A newspaper vendor straightens papers at his stand in Tanzania in September 2015. The country's Information Minister has imposed a 24-month ban on the weekly, Mawio. (AFP/Daniel Hayduk)
A newspaper vendor straightens papers at his stand in Tanzania in September 2015. The country's Information Minister has imposed a 24-month ban on the weekly, Mawio. (AFP/Daniel Hayduk)

Tanzania imposes two-year publishing ban on newspaper

Nairobi, June 16, 2017–Tanzania should immediately revoke a publishing ban on Mawio, a privately owned weekly newspaper, the Committee to Protect Journalists said today.

Tanzania’s Information, Sports and Culture minister Harrison Mwakyembe imposed a 24-month ban on Mawio’s print editions and any articles posted online yesterday over articles that mentioned two retired presidents, Benjamin Mkapa and Jakaya Kikwete, in reports on a government investigation into allegations of misconduct in the mining sector, according to a statement released by the director of Information Services, Hassan Abbasi.

The statement, viewed by CPJ, accused Mawio of contravening a state directive and the Media Services Act by publishing pictures of the two former presidents on the front page of its June 15-21 edition and writing a story allegedly linking them to the mining investigations. The minister’s statement cited Article 59 of the Media Services Act, which allows authorities to “prohibit or otherwise sanction the publication of any content that jeopardizes national security or public safety.”

“We are extremely concerned that Tanzania is using public order as an excuse to frustrate the flow of information and public debate,” said CPJ Africa Program Coordinator Angela Quintal in New York. “A two-year ban is tantamount to closing the publication. We urge the government to let Mawio resume operations and to stop stifling critical voices.”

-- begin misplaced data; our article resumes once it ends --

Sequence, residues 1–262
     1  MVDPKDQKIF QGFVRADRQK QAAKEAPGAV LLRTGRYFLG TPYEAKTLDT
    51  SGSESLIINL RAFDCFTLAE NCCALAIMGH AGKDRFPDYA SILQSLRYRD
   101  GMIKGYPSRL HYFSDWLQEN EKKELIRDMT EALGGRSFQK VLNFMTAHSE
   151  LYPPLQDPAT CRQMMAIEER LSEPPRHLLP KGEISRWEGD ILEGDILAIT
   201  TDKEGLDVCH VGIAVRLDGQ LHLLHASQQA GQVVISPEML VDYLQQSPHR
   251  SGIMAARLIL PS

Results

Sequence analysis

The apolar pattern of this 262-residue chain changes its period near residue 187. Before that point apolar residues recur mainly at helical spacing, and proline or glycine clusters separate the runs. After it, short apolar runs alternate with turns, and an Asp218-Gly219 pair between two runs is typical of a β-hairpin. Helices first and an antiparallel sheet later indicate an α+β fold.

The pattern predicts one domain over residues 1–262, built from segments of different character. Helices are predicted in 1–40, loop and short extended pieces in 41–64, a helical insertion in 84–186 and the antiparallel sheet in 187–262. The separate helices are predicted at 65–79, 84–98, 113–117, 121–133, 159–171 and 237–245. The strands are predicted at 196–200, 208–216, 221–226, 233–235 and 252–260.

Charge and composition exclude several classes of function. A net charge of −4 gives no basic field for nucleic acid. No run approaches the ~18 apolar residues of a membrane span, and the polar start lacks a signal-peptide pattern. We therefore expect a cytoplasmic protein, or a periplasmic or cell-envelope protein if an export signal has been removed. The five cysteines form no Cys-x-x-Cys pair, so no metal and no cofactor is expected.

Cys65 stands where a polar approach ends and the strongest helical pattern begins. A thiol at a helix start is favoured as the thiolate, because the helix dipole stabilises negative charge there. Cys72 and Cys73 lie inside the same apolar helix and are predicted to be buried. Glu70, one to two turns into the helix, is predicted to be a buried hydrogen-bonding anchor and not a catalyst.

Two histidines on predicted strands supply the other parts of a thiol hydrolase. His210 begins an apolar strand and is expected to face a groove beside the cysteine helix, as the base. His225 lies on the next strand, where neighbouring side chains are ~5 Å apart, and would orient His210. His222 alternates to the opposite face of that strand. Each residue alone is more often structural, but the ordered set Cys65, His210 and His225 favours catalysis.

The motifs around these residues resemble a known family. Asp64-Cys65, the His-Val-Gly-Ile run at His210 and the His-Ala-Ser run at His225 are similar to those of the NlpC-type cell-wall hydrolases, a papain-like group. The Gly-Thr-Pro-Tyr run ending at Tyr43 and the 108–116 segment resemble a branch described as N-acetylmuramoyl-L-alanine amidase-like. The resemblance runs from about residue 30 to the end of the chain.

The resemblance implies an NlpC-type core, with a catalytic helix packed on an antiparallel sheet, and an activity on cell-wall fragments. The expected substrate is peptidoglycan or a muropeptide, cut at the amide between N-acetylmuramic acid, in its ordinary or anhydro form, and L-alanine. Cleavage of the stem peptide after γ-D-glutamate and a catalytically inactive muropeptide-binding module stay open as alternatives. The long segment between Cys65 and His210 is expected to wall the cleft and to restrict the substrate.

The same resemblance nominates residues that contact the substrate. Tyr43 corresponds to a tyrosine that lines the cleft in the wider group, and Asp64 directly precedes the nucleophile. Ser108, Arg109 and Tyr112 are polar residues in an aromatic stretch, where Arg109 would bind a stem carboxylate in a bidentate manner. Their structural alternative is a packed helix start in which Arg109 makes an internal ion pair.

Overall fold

Speaking at the State House in Dar es Salaam on June 14, Tanzania’s President John Magufuli warned the media not to link the two former presidents to the mining contract investigation, according to The Citizen newspaper. Tanzania is investigating contracts signed in the 1990s and 2000s. The privately owned newspaper The EastAfrican reported that the country may have lost as much as $30 billion in mining revenue due to understatements of the value of exports. Neither of the former presidents is under investigation.

Mawio’s managing editor Simon Mkina told CPJ that the newspaper was already being distributed by the time the president gave his directive.

Mkina said that he has received three calls from unknown numbers since the newspaper was banned. The callers make threats and then hang up, he said. “When I call them back I do not get a response. Another one called and said, ‘Do you value your life?’ ” he told CPJ.

The information minister, Mwakyembe, told CPJ he was unsatisfied with the explanation that the newspaper could not comply with the directive because it had already gone to press. He said that while Tanzania guarantees freedom of the press, it limits it when the rights and liberties of other individuals are infringed upon or when the press threatens “the foundation of the nation.”

The minister told CPJ the paper can appeal the ban.

Mawio has faced government action previously. In January 2016, CPJ documented how the newspaper was banned for allegedly inciting violence in its articles. A court later overturned the decision.

The ban on Mawio comes amid increasing restrictions on the press by the Magufuli government. Since he came to office in October 2015, Magufuli’s government has stopped live transmission of parliamentary debates. In March, Magufuli warned the media about the limits of press freedom, according to a report by Bloomberg.